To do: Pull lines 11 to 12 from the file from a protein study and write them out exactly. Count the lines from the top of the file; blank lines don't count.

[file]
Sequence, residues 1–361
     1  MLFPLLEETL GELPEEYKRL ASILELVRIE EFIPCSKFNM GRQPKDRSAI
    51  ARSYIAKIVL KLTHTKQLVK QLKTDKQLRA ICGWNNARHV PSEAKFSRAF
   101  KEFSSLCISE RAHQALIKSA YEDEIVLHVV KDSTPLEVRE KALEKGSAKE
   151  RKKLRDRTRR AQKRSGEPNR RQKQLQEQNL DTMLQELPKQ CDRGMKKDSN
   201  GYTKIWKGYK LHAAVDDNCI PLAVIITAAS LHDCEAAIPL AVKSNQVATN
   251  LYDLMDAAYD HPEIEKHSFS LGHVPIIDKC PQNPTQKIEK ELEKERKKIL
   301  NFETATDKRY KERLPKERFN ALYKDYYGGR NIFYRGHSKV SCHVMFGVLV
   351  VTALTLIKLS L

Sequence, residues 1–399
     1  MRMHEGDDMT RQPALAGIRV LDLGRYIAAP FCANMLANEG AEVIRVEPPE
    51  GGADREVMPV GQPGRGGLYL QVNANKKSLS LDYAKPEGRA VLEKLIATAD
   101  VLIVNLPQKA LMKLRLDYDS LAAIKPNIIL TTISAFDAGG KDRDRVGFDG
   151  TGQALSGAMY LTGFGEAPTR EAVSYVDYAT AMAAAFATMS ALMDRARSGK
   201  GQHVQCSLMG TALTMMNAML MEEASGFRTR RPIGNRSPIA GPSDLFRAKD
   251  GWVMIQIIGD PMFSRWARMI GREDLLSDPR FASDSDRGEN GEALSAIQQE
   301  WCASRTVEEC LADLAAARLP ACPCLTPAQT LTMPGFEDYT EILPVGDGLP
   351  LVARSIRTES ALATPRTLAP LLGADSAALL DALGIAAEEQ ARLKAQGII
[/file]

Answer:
     1  MRMHEGDDMT RQPALAGIRV LDLGRYIAAP FCANMLANEG AEVIRVEPPE
    51  GGADREVMPV GQPGRGGLYL QVNANKKSLS LDYAKPEGRA VLEKLIATAD